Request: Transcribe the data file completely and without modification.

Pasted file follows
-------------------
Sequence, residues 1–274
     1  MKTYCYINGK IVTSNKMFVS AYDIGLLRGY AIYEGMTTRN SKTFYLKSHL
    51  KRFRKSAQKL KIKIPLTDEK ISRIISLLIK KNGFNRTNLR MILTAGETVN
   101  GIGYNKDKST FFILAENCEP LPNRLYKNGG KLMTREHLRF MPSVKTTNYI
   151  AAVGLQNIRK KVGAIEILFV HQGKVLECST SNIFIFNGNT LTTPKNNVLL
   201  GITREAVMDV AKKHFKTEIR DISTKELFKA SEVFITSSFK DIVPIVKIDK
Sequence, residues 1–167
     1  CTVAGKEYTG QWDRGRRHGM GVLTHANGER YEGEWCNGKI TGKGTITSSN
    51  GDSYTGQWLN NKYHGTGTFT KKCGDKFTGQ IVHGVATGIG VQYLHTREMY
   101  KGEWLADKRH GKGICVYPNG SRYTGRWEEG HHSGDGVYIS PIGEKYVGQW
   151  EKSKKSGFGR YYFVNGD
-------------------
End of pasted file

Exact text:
Sequence, residues 1–274
     1  MKTYCYINGK IVTSNKMFVS AYDIGLLRGY AIYEGMTTRN SKTFYLKSHL
    51  KRFRKSAQKL KIKIPLTDEK ISRIISLLIK KNGFNRTNLR MILTAGETVN
   101  GIGYNKDKST FFILAENCEP LPNRLYKNGG KLMTREHLRF MPSVKTTNYI
   151  AAVGLQNIRK KVGAIEILFV HQGKVLECST SNIFIFNGNT LTTPKNNVLL
   201  GITREAVMDV AKKHFKTEIR DISTKELFKA SEVFITSSFK DIVPIVKIDK
Sequence, residues 1–167
     1  CTVAGKEYTG QWDRGRRHGM GVLTHANGER YEGEWCNGKI TGKGTITSSN
    51  GDSYTGQWLN NKYHGTGTFT KKCGDKFTGQ IVHGVATGIG VQYLHTREMY
   101  KGEWLADKRH GKGICVYPNG SRYTGRWEEG HHSGDGVYIS PIGEKYVGQW
   151  EKSKKSGFGR YYFVNGD